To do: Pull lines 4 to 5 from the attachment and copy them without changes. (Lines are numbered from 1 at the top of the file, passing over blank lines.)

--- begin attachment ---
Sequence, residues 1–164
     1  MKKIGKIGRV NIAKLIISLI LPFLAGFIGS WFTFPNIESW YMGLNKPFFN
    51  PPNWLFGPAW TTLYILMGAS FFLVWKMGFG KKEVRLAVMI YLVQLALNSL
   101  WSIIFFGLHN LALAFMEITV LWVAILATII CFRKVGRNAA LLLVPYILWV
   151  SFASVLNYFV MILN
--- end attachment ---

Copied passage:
   101  WSIIFFGLHN LALAFMEITV LWVAILATII CFRKVGRNAA LLLVPYILWV
   151  SFASVLNYFV MILN